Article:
This Mr. Robot review contains spoilers
Mr. Robot: Season 2 Episode 6
Well, that was weird. Achmed is going out of business! I know everyone has a cash limit and bitcoin is crashing but still: he has the best turkey sandwiches in the city.
Okbutferrealtho. That opening sequence. Between Elliot’s beatdown and Dominique’s shootout in Beijing last week, the story I was looking forward to closure on more was definitely the shootout. It was so surprising and violent, whereas Elliot’s beatdown was certainly violent but not unexpected. Still, I could never have expected that the resolution of Elliot’s beatdown would involve ’80’s USA Network graphics, grainy non-HD picture and a full-blown laughtrack.
When it was clear what Mr. Robot was doing (and for me it wasn’t fully clear that Elliot was trapped in a ’80s sitcom within his subconscious until the first laugh track), I had two thoughts simultaneously: 1. This is great. 2. I hope this doesn’t last the whole episode.
And the execution of the ’80s sitcom IS great. It’s one thing to pull off something so random and unexpected. It’s another thing entirely to pull it off so well. Right from the beginning, “Master/Slave” is particularly concerned with getting the details of this dream sequence (is that what we’re calling it?) right. It opens with a grainy USA Network graphic — “You’re watching USA! America’s favorite cable network” — and then rolls right into a Boy Meets World-esque clearly-driving-in front-of-a-backdrop set with Elliot, Darlene and their mom and dad.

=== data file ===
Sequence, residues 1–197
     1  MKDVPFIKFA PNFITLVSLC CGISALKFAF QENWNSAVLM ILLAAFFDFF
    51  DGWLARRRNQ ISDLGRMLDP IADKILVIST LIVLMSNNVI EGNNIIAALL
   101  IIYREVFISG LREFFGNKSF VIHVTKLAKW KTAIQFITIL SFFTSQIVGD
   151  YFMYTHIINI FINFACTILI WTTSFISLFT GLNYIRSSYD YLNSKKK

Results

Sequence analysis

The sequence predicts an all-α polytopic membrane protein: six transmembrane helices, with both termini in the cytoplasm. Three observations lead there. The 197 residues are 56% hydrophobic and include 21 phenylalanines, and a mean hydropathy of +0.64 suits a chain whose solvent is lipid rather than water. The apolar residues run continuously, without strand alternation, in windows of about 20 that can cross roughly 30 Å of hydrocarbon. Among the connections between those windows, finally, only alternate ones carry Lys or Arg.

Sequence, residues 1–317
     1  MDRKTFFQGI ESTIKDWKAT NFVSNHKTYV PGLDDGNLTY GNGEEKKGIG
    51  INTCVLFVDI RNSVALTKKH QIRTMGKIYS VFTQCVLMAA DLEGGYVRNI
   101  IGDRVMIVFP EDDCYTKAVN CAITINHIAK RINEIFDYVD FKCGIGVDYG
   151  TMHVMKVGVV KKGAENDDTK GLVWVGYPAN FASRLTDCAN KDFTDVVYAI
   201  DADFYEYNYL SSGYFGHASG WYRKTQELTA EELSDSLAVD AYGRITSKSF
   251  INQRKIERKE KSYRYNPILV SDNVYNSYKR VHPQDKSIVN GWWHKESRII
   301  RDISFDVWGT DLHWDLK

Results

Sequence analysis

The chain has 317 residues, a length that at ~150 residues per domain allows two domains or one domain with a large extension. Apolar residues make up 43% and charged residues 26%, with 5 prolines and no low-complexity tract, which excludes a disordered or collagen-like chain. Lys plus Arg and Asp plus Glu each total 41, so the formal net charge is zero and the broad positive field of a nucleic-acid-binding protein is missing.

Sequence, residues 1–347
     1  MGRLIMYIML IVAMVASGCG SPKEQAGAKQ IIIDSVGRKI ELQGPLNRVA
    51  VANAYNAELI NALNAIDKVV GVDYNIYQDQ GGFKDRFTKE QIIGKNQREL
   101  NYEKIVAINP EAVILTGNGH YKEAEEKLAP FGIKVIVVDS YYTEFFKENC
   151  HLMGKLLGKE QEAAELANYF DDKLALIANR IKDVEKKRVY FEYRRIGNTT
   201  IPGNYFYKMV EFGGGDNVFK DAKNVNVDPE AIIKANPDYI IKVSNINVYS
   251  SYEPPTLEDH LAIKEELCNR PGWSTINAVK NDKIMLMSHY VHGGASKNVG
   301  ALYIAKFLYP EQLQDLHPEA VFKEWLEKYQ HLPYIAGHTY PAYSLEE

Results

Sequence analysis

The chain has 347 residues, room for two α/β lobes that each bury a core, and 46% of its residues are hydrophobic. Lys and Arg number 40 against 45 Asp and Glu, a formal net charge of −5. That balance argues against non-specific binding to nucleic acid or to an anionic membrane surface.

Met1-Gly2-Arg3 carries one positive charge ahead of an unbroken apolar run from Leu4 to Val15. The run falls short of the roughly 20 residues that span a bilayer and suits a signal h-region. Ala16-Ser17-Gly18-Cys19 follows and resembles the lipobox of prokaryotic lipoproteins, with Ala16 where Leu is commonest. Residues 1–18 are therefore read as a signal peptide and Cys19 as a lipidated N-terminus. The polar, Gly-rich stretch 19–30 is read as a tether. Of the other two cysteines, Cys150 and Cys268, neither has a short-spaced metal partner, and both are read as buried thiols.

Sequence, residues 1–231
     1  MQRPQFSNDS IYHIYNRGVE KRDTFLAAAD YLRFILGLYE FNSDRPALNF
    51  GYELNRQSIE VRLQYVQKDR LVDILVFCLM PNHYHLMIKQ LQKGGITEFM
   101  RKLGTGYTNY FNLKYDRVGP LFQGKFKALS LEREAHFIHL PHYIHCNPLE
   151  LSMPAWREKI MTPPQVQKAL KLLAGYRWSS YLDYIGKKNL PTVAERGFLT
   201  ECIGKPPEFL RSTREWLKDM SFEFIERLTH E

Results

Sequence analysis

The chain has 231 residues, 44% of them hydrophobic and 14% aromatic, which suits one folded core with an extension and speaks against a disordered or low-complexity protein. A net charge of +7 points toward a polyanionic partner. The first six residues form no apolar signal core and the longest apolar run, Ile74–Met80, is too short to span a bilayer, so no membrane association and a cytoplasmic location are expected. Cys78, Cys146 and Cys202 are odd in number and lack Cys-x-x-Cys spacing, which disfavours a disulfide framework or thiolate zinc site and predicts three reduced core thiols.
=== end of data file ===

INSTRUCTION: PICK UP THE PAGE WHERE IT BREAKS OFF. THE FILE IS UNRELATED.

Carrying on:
Then after a positively Too Many Cooks-ian title sequence, the Alderson’s family road trip keeps up for the next 15 minutes or so, with the laugh track AND vintage USA logo at the bottom of the screen keeping up with them.
Within the parameters of this “dream sequence” there are plenty of other aspects that fit perfectly into a sideways universe of Mr. Robot. Angela is still working for Evil Corp, just at a gas station. And Tyrell Wellick is missing, though this time we’ve got a pretty good idea that he’s tied up in the trunk of Mr. Robot’s car. Oh. And there’s Alf. Which has no bearing on the Mr. Robot universe but is a hilarious, unexpected touch.
While the execution of this extended sequence couldn’t possible be better, the positioning of it leaves something to be desired. By that I mean: the depiction of the fantasy sequence is fascinating and entertaining. It’s just what leads Elliot to this sideways universe that is lacking.
We eventually get to see Elliot beat up in a hospital bed. And yes, he’s beat up really badly but not nearly as badly as I would expect would be needed to jettison the victim’s brain into an alternate ’80’s sitcom universe.
Let’s look at some other famous television extended dream sequences both because they’re applicable to figuring out where Mr. Robot’s places in history and also I’m just an absolute sucker for them. Note: The following contains some spoilers for The Sopranos and The Leftovers.
The Sopranos used to be the gold standard for extended dream sequences. Season 6 opens up with Tony being shot by his uncle and entering in to a plane of existence somewhere between life and death. He spends his time in a coma under a different name in a hotel trying to get home without his wallet or briefcase. Then The Leftovers took that Sopranos plot to the extreme by placing its protagonist in a hotel-based purgatory for an entire episode. Both are amazing, stylistically. But just as important are where they fall in terms of importance to the overall plot.